If the stage of progression is causally linked to the Patient age, this would be the case in any similar patient.

So now we have to find someone who is effectively a twin of Fran for the purposes of comparison.  Where does this person exist?  If you know, please tell me.

3.         Lastly, you state that the Commissioning authority does not ‘generally make treatment for patient under its policies dependent on the patient’s personal or social circumstances.’  Please could you state what personal or social circumstances would constitute exceptional ones in this context?

Response: The Panel could not advise on what personal or social circumstances might be exceptional until presented with something felt to be in this category by the applicant.   It is up to the applicant to demonstrate exceptionality not for the Panel to presuppose what that could be.

We already have presented this evidence, which has been dismissed, on the basis that it was not considered ‘exceptional’ with no further reasoning for this given.  Again, there is no clarification here, meaning the panel is effectively hiding behind its discretion to take decisions based on a flawed understanding of Fran’s particular impairment.

To add to my concerns, I have researched the background of Mr Murphy, and he has a masters degree in Pharmacy.  Quite what basis this qualification provides to make decisions on  the case of someone with cerebral palsy, I know not.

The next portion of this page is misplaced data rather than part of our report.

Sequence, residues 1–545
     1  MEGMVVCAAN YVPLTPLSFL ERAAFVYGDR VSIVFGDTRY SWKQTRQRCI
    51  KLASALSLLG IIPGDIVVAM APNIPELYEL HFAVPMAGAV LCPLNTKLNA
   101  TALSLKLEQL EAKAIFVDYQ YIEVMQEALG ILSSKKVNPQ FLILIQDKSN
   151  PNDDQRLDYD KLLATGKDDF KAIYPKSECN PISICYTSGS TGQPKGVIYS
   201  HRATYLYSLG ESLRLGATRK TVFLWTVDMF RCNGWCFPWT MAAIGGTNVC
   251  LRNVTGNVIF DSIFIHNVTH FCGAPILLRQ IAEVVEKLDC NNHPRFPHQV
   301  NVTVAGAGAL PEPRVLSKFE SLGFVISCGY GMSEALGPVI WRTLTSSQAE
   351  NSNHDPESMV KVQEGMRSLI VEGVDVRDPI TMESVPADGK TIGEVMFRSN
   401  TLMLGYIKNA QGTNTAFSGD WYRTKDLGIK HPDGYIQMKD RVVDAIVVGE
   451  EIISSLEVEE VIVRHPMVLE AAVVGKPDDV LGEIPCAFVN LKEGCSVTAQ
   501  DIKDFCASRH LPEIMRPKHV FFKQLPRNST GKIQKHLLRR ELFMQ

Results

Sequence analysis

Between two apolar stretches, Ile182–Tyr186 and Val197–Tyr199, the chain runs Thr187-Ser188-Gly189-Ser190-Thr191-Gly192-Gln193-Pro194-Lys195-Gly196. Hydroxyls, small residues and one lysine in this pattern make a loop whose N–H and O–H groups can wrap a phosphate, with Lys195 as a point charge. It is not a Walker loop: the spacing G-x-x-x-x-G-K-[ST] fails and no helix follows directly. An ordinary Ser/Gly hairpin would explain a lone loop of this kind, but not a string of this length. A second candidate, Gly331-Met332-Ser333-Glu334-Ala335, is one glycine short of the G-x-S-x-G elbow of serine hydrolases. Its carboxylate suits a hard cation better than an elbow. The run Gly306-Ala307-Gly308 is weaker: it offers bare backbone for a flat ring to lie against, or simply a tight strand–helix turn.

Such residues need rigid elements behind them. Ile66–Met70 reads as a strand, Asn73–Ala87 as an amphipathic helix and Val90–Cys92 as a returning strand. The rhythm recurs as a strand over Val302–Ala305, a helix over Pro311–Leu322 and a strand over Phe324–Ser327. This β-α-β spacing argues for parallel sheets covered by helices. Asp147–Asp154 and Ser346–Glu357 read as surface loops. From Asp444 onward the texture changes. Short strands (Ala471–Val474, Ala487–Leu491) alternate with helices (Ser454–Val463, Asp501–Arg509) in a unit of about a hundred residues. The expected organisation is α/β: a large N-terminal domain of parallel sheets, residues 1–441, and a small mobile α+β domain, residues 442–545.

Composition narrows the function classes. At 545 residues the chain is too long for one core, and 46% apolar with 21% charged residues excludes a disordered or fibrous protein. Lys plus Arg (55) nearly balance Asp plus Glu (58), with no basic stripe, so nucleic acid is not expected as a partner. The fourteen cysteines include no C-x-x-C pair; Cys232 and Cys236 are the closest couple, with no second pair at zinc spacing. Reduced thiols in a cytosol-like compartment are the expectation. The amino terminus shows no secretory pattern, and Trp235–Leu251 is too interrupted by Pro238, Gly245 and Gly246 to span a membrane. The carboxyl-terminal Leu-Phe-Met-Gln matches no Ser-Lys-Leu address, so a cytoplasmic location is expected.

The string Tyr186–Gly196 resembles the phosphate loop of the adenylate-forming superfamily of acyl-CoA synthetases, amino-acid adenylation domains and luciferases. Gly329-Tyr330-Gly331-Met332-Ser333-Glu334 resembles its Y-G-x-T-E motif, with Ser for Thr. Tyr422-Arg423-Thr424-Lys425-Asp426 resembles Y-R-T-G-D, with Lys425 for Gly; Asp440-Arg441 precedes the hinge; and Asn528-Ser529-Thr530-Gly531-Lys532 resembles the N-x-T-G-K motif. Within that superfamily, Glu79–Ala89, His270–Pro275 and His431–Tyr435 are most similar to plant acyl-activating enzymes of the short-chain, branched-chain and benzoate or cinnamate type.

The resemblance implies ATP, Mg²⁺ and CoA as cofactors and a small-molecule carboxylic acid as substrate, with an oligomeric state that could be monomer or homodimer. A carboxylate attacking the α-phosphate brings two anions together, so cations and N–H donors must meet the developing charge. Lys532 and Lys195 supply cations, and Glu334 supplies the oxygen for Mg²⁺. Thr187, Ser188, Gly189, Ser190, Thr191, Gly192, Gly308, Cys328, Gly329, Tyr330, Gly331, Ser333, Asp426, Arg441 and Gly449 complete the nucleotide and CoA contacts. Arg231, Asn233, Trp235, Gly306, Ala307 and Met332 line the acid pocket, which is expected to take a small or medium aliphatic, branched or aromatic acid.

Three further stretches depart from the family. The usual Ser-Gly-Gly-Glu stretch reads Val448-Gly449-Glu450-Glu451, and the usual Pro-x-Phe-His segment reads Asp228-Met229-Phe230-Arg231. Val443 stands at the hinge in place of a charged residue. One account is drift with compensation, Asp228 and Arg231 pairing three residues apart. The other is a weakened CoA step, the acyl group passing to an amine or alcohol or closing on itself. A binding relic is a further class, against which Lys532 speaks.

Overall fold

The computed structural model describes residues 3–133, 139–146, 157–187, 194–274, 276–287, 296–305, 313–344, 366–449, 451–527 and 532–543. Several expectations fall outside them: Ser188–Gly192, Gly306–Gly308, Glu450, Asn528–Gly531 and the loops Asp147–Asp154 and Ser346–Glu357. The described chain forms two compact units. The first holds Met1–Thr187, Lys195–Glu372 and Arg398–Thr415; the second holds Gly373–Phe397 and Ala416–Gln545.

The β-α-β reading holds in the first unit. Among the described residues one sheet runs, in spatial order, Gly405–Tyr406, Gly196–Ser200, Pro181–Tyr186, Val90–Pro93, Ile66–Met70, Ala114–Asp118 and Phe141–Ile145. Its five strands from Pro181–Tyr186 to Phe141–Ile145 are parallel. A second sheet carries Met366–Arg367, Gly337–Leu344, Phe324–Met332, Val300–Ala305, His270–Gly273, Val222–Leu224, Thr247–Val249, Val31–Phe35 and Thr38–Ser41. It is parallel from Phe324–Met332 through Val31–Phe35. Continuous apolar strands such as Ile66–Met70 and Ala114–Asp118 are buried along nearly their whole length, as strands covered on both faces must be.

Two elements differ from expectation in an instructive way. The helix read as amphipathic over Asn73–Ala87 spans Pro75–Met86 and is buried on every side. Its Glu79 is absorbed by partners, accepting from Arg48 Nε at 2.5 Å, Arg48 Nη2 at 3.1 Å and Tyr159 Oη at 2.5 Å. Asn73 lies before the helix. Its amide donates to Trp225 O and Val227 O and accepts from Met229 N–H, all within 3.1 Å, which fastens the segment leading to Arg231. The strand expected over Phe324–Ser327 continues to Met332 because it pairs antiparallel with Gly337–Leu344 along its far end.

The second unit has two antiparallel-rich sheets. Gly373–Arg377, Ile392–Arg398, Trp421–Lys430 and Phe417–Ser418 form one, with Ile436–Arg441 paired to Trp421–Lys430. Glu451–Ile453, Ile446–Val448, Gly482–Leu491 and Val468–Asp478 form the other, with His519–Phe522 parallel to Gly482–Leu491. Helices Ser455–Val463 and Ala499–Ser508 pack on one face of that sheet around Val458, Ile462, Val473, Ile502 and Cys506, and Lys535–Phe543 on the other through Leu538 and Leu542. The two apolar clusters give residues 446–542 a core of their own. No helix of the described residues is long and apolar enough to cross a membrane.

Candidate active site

I hope this is helpful.

Do you find this helpful dear reader?  We will follow the process, but I now have no confidence whatsoever in it.  It is clear that the people making decisions lack the understanding required to meaningfully assess Fran’s case.  Still, we persist, in the hope that, eventually, common sense will prevail.  The odds of this, however, seem increasingly remote.

The effects of having to negotiate a process such as this should also not go without a mention.  This process has, and continues to impact both Fran and I adversely in a number of ways.  We will not give up though.  It is clear that systemic changes are needed, and I am determined to continue to shed light on a process which is not fit for purpose and fails to meaningfully understand the people it is there to serve.

Appeal rejected: Our wheelchair woes continue

Today we found out that our appeal for Fran’s e-motion wheels has been rejected.  This despite a letter from Fran’s GP, OT and the Wheelchair Service themselves.  The reason for this is that the criteria for ‘exceptionality’ has not been met.  I won’t rehearse that exceptionality criteria here, but suffice to say that all the clinically qualified professionals who had written in support of Fran’s case were confident it did.

What this means is that a second appeal is needed.  What is going to make the difference? More evidence, perhaps.  Evidence of a clinical nature from professionals, yes?  Well yes, except the appeals manager informed me that a personal letter from ‘the patient’ (i.e. a person) could sometimes make the difference.  Sometimes it did, sometimes it didn’t. I suspect that the basis for the operation of the appeals panel is being made up as it goes along, dear reader.

Could I see the reasoning behind the denied appeal? No.  Could Fran actually meet the panel to explain the difference it would make? No.  In essence then, an inconsistent process that has no real hard and fast rules and which is shrouded in mystery.  The next step? Another appeal. The next step after that? Another appeal.  Both appeals heard by the same panel.